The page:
1 of the order issued in that judgment is as follows:


              ‘The respondents are prohibited from utilising erven 1706 and
              1707 Walmer, Port Elizabeth, for business purposes and in
              particular as a restaurant until such time as the respondents
              have complied with the conditions applicable to –
              1.1     Town Planning Amendment TPA 3461 A1;
              1.2     Council’s Special Consent SC 37/99’



(I refer to the two erven as ‘the property’). Paragraphs 2 and 3 of the order
are not relevant at this stage. Paragraph 4 relates to costs.




THE FACTS AND THE LAW


[3]    The factual and legal background to the proceedings in the court a quo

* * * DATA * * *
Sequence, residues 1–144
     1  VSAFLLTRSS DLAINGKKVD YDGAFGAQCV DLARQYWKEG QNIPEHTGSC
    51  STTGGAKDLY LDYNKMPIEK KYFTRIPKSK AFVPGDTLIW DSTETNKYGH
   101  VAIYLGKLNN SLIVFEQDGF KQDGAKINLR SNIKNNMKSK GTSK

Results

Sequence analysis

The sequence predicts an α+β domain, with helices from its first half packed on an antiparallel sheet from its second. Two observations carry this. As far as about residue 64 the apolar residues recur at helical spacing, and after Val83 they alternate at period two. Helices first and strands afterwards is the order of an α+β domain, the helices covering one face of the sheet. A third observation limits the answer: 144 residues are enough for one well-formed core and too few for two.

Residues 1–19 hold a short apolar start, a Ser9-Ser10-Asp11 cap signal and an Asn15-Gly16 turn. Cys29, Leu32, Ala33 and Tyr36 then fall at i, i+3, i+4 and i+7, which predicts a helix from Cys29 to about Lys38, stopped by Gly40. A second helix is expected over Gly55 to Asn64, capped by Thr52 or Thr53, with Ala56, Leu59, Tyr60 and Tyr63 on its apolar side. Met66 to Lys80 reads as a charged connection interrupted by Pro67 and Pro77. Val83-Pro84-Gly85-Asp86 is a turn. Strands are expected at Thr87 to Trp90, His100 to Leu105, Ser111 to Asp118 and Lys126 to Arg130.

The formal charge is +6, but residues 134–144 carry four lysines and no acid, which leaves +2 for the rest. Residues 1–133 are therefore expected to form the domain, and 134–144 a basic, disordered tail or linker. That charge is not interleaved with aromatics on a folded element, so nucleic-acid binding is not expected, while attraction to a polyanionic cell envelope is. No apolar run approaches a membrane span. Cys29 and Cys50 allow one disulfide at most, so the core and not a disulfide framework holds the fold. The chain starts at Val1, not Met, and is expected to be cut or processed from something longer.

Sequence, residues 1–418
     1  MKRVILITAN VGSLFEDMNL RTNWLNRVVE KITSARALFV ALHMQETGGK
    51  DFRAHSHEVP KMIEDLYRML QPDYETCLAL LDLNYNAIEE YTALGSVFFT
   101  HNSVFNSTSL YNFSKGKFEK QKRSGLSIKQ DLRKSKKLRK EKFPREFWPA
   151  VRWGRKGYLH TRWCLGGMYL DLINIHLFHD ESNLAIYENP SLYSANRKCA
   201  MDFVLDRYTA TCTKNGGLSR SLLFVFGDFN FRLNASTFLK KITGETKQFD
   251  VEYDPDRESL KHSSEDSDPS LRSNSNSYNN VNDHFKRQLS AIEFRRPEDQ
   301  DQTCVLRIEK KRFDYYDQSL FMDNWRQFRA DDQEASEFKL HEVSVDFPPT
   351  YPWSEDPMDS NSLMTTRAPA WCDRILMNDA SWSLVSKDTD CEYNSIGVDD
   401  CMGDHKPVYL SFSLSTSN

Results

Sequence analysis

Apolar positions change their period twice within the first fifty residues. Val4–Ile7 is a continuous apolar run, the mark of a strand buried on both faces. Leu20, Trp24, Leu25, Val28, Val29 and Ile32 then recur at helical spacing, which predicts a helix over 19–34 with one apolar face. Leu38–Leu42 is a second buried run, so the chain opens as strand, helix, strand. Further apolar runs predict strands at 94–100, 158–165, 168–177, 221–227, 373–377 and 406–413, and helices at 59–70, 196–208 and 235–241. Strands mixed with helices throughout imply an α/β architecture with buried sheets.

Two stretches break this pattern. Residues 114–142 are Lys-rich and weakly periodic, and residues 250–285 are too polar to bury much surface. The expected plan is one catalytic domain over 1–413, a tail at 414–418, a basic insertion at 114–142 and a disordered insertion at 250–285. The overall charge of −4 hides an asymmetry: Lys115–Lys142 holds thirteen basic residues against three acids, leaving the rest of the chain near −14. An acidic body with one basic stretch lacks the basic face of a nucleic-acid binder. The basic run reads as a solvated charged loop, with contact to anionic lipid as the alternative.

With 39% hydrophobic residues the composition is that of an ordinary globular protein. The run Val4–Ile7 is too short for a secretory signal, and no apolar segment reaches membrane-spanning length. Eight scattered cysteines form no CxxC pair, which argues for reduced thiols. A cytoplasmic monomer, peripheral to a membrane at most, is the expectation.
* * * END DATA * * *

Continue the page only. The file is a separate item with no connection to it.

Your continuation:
concern the efforts of the appellant over a number of years – commencing in


January 1997 - to obtain the right to operate a restaurant selling liquor on the


property which is situated in a residential suburb within the municipal area of


Port Elizabeth.     The history is fully chronicled in the affidavits of the officials


of the respondent who dealt with the matter.        It is not necessary however to


deal with the whole of that lengthy and involved process as only two steps


taken in the course thereof are of immediate and real relevance.
                                            4


[4]   On 31 January 1999 the appellant lodged with the respondent an


application to have the property rezoned from ‘Residential 1’ to ‘Business 3’


under the Port Elizabeth Zoning Scheme Regulations (the application was


allocated the number TPA 3467 A1). At the same time appellant applied to